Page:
Some dahlia varieties seem to go on forever and the 1920s’ peony-red semi-double ‘Bishop of Llandaff’ is admired as much for its dark ferny foliage as its bee-friendly flowers. It’s ability to perform in cool and hot summers alike sets it apart and it’s spawned many single-flowered children all christened Bishops. None are quite as good as the original ‘Bishop of Llandaff’. However one seedling is a close rival and that is the soft orange ‘David Howard’, a fully double decorative with khaki foliage. It’s been around for sixty years and is still first-rate. ‘Thomas A. Edison’ (1929), a strong purple decorative, is another great survivor and of equal merit, standing out among others because it rises to four feet in height. When plants are popular for years it says a lot about their constitution and their charm. ‘Purple Haze’ is another reliable purple that pushes out lots of flower.

There are lots of warm oranges on offer and these glow in the garden or vase, adding a golden touch that matches the mood of autumn. Many of these warmly tinted dahlias have sultry foliage too, so they add a lot to a border. ‘Jescott Julie’, known as a double orchid because the two-tone pale orange and apricot-orange petals are long, is another excellent dahlia for the front of a border. These are warm, soft oranges, but there are day-glo orange-pink dahlias that hover between pink and orange like shot silk. They include ‘Karma Fuchsiana’, a very popular cutting dahlia. There’s also a Burnt Orange Dahlia Collection that contains warm oranges and yellows.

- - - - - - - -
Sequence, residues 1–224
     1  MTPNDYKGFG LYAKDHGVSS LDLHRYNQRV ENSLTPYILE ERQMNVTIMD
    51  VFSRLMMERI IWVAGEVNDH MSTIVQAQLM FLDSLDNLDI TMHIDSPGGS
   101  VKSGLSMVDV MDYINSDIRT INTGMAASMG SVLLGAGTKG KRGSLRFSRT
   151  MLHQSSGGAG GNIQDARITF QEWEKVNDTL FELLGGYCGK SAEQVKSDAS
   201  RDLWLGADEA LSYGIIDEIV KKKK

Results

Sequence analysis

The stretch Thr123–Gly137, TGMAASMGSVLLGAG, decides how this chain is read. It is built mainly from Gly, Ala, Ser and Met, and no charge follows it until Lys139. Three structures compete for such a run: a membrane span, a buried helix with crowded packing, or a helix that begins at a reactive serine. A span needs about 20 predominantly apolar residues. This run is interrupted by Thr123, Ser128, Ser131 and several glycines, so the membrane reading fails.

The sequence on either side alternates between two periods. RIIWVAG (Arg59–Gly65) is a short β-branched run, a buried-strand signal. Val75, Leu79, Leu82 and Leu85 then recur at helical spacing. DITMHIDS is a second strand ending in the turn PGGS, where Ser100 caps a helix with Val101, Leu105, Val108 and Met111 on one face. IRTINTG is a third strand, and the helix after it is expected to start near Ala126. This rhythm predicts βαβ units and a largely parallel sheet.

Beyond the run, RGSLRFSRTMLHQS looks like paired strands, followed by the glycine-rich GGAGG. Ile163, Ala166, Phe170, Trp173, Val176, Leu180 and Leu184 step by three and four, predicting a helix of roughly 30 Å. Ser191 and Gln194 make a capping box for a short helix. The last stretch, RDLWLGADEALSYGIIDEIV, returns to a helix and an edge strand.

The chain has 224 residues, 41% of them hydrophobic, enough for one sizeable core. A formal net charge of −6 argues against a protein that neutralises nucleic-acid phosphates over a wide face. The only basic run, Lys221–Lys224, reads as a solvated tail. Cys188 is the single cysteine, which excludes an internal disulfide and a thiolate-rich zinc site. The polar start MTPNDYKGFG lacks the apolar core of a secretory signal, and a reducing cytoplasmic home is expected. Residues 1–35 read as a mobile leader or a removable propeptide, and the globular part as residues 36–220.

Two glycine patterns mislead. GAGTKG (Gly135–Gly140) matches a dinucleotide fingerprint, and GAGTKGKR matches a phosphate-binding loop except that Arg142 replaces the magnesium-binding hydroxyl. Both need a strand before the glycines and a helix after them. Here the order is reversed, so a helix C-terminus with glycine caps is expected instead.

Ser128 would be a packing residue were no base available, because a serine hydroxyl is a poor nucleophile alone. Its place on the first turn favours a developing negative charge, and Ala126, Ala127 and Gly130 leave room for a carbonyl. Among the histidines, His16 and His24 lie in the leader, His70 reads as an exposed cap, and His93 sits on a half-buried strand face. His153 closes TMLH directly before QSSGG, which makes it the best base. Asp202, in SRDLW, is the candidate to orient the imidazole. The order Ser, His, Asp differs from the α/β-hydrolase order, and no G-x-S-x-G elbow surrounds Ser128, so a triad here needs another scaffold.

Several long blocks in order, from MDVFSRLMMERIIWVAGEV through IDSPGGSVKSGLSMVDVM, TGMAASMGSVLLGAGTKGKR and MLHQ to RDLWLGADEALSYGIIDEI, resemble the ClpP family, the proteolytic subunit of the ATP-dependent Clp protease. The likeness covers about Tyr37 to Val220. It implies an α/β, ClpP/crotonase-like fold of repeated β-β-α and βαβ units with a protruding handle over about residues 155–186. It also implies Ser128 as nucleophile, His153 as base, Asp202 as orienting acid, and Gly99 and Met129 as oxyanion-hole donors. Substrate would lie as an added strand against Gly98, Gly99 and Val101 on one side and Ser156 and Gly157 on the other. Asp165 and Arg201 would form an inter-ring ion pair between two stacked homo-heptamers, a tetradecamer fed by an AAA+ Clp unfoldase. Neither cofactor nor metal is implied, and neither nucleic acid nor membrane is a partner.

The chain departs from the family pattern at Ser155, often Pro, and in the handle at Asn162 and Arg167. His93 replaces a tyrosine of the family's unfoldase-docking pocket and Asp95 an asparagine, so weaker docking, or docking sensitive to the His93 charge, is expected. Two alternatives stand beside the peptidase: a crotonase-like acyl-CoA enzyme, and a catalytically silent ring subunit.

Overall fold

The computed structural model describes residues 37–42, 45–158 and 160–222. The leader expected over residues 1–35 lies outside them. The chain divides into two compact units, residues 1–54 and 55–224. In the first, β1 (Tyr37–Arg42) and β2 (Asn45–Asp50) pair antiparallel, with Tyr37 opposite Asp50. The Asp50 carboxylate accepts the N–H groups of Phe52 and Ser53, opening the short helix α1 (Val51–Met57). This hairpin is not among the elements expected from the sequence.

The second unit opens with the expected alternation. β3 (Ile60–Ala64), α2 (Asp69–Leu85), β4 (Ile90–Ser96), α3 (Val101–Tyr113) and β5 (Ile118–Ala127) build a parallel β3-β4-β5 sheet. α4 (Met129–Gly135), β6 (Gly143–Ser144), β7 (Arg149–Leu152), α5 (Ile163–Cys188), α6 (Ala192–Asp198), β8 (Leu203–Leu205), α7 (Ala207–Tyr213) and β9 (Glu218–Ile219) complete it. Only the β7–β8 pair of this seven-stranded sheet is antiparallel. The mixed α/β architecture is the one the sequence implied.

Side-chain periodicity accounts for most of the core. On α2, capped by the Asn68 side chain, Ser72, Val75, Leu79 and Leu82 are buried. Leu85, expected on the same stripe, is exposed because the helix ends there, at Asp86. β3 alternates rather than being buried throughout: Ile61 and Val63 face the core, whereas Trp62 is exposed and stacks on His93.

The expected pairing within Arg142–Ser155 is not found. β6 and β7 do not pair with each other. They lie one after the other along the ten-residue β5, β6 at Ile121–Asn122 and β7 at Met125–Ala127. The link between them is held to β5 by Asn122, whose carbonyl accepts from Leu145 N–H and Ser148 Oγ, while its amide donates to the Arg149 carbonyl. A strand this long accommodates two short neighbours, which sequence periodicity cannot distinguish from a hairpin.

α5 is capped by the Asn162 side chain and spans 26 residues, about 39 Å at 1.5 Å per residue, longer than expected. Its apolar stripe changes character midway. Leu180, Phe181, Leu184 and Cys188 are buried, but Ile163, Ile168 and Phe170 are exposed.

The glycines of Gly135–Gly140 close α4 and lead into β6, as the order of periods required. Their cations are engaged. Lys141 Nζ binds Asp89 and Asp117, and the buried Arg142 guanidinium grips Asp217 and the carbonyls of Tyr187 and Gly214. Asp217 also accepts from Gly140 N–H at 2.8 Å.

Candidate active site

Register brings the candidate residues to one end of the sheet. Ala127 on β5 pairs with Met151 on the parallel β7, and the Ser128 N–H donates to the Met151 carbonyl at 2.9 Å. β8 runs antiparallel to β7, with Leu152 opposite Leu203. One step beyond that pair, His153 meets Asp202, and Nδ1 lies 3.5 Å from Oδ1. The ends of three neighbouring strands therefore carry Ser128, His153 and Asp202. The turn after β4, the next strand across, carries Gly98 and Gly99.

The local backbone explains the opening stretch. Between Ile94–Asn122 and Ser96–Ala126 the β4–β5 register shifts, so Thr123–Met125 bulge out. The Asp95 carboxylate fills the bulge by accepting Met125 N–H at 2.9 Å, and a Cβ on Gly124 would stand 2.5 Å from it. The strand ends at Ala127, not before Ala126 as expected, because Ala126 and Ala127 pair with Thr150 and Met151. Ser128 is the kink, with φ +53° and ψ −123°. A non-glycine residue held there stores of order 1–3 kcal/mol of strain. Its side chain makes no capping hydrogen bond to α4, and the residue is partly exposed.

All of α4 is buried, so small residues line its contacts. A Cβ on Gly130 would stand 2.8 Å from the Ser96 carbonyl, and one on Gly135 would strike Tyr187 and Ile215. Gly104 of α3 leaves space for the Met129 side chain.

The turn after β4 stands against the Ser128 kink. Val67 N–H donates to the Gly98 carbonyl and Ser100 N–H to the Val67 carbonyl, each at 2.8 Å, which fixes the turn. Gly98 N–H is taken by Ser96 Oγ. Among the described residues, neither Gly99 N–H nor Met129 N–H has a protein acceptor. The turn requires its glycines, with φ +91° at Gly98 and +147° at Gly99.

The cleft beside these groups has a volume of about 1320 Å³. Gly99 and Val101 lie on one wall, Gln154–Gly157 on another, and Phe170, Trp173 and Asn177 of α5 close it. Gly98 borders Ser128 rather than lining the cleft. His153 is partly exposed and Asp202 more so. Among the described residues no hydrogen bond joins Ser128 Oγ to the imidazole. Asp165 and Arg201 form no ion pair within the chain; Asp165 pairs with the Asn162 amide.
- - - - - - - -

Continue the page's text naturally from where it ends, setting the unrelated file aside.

Paler warm-tinted dahlias are highly popular because they come in unique colours. ‘Gallery Leonardo’ a soft, salmon-pink, is one of the best of the Gallery Series. These are shorter dahlias designed to be grown in containers. And then there is the coffee and cream coloured ‘Cafe au Lait’, a florist’s variety which has large flowers. These dahlias look terrific in a vase alongside stronger reds, but they do need careful placing nearer brighter ones in the garden setting.

There are also soft whites and pale yellows and these mingle well in vases of deep reds, strong purples and pink-purples. ‘Eveline’ is a top quality dahlia in vase or border, and the purple tinting on white petals adds vibrance and warmth. ‘Lake Carey’, ‘Diana’s Memory’ and ‘Lady Kate’ all come in white shaded in mauve and purple. Soft yellows are also popular and ‘Glory van Heemstede’ is the colour of lemon syllabub. It would be a perfect contrast planted close to blues and mauves and there’s a 'Blues and royals' collection containing ‘Blue Boy’, ‘Blue Wish’ and ‘Purple Haze’. Add a stronger vibe with 'Irresistible pink' dahlias, which blends rich pink varieties.

Pom-pom and ball dahlias are petal-packed flower sculptures and they offer a contrast to open-faced decoratives and spiky cactus dahlias, as well as lasting well in the vase. Pick one, just one, and place it in a posy vase to create plant perfection in seconds. The reddish-purple ‘Downham Royal’ has been popular since 1972, when it was launched, and deservedly so. The butterscotch-orange ‘Sylvia’ has exactly the same soft ball shape. ‘Wizard of Oz’ is a soft pink with green undertones. ‘Rocco’ is a deep purple and ‘Red Fox’, is a rich red. Or you could go for the 'Ruby and amethyst' collection, all ball dahlias in jewel-box colours.